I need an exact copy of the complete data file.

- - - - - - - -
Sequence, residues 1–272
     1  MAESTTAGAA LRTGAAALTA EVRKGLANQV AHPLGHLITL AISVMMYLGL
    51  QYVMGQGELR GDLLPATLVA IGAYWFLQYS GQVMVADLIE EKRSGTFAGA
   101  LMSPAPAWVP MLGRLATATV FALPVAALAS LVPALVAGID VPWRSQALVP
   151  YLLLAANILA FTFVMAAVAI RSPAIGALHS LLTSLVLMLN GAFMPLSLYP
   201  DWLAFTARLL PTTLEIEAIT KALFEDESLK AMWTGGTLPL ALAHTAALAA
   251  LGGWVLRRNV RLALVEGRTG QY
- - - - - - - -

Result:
Sequence, residues 1–272
     1  MAESTTAGAA LRTGAAALTA EVRKGLANQV AHPLGHLITL AISVMMYLGL
    51  QYVMGQGELR GDLLPATLVA IGAYWFLQYS GQVMVADLIE EKRSGTFAGA
   101  LMSPAPAWVP MLGRLATATV FALPVAALAS LVPALVAGID VPWRSQALVP
   151  YLLLAANILA FTFVMAAVAI RSPAIGALHS LLTSLVLMLN GAFMPLSLYP
   201  DWLAFTARLL PTTLEIEAIT KALFEDESLK AMWTGGTLPL ALAHTAALAA
   251  LGGWVLRRNV RLALVEGRTG QY